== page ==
But the thing that impressed me was the railway line.   Where there was a hill, they went through it or they moved it into the galleys.  And they made a high-speed railway line.  And we just keep our rail going here.

I:          So, when you left Korea, had you imagined that Korea would become like this today?
A:        No, I wouldn’t have a clue on it.  But there’s a vast difference between South Korea and North Korea.



I:          Yes.

A:        When you go over to the demilitarized zone and see what’s happening over there on the other side.

I:          What do you see is the difference?

A:        Yeah.

I:          So, you never imagined that Korea would become like this today.

A:        No, I didn’t.  I had no idea.

I:          You didn’t have any idea.

A:        No.

I:          Do you know the rank of the Korean economy now?

A:        I know it’s pretty high.  And you don’t import much.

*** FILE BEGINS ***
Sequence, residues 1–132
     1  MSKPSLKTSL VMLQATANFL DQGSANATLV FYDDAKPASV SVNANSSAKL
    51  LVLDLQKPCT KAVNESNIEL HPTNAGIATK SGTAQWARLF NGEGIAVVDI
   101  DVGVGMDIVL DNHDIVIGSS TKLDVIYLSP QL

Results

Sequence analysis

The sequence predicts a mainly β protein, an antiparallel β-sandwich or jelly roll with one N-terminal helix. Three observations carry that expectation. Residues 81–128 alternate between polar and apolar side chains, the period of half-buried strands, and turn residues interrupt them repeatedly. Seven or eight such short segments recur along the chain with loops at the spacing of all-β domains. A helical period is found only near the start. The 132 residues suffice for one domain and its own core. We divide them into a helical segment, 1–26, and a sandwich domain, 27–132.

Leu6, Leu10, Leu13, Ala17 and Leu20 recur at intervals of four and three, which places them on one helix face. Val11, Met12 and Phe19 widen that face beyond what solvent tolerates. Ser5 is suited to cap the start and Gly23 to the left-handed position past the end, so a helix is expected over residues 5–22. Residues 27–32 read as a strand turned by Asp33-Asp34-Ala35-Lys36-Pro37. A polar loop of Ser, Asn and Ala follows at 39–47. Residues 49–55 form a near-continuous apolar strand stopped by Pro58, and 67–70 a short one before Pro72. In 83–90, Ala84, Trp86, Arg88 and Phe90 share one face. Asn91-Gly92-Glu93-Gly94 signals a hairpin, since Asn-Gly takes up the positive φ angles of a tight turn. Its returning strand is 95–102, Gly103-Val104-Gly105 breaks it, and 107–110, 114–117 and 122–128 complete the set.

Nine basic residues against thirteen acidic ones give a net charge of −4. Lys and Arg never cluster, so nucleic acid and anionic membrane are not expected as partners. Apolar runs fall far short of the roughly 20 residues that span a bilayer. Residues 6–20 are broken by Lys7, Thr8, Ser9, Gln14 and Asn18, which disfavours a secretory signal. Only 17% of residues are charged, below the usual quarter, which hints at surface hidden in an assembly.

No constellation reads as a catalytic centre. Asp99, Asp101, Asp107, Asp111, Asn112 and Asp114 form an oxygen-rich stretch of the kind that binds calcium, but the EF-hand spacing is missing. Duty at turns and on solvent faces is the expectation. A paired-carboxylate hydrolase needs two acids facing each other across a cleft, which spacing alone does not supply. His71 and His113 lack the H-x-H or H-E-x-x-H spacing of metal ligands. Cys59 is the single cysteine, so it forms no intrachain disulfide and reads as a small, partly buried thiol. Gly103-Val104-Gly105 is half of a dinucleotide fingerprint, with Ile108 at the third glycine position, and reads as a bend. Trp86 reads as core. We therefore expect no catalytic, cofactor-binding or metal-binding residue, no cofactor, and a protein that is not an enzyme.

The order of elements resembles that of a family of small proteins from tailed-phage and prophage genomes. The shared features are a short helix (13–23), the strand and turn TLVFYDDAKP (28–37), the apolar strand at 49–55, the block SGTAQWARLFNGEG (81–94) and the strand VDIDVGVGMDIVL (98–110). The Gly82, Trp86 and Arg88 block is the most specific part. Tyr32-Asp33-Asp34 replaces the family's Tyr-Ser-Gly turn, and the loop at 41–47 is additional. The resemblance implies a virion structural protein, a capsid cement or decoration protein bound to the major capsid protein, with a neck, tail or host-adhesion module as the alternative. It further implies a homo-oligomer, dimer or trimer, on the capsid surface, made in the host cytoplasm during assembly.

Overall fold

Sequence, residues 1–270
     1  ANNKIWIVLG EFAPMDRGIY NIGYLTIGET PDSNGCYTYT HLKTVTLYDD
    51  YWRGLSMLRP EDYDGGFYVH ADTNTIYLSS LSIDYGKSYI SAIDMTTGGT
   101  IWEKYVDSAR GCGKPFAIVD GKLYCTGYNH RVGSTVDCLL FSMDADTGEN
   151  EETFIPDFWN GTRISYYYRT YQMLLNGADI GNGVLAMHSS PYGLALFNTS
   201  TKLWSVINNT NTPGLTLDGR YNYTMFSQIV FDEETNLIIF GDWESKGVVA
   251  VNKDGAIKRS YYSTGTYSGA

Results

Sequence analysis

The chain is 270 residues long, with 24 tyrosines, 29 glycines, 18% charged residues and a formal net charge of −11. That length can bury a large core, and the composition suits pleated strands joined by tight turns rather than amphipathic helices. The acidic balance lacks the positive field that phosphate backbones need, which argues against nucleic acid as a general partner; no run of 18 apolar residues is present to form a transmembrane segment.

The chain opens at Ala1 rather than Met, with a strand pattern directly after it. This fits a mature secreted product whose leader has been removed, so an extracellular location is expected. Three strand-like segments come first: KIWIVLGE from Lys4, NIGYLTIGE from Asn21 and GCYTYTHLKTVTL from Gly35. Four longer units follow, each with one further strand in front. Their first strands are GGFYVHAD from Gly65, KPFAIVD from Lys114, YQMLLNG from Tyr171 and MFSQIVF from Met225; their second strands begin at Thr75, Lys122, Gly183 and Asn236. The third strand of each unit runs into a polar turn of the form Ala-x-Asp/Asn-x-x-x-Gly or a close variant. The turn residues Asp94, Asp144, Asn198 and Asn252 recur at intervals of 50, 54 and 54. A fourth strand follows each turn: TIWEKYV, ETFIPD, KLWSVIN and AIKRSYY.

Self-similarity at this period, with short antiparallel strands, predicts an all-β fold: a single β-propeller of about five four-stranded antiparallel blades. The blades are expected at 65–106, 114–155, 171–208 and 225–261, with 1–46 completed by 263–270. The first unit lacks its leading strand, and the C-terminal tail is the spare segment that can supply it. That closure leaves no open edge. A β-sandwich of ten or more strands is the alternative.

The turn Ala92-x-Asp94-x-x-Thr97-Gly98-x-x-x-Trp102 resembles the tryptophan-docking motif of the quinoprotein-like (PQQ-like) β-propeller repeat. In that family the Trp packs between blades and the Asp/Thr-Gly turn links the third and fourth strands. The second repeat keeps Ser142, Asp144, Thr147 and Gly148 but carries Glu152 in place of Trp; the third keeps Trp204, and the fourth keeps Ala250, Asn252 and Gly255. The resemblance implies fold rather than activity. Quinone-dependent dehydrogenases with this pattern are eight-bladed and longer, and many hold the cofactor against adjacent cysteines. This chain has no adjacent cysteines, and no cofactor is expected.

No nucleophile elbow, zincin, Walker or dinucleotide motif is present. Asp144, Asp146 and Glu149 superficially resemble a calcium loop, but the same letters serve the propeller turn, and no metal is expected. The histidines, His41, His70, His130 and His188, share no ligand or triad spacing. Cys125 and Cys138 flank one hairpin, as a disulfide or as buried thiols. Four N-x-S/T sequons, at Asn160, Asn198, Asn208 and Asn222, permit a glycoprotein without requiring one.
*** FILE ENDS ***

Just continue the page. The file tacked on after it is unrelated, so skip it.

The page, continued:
You manufacture.

I:          Yeah, we export.

A:        That’s right.
I:          Yeah, export, export, export.

A:        And you grow food where everything’s right into the cities.

I:          Yes.

A:        Everywhere.

I:          Yeah.

A:        There’s a bean plant or corn plant.  And do you still have that holiday to plant a tree, each family to plant a tree?

I:          Yeah.  Singmogil, Day of Tree Planting.  And we do that.  And we are one of the most successful countries that implemented successful reforestation.



So, there were not may trees when you were there, right?
A:        I don’t think I’ve ever seen one.  It’d make your dog nervous that they piddle on a tree.

I:          That’s funny.

A:        Yeah.

I:          So, how about Korean people when you were there?  How did they treat you?
A:        Oh, excellent.



I:          Tell me.

A:        Well, they’re very friendly.  And of course, we didn’t associate with them much when we were in the War because we were on the sea.  But I did, you were talking about Poyangdo. That had a beach they used as an airstrip there because there’s a big high tide there.  And there was a big, long clear area.



But such a lot of the people were there because it was a fishing, Yangdo, there was a fishing village, and we used to tow the boats back there to keep them out of the War zone.  And at the Yango action, we took 13 wounded off there.  One of them died during the night, and we buried him at sea.

I:          Oh.

A:        Those young people only, much younger than me, with guns fighting for their country.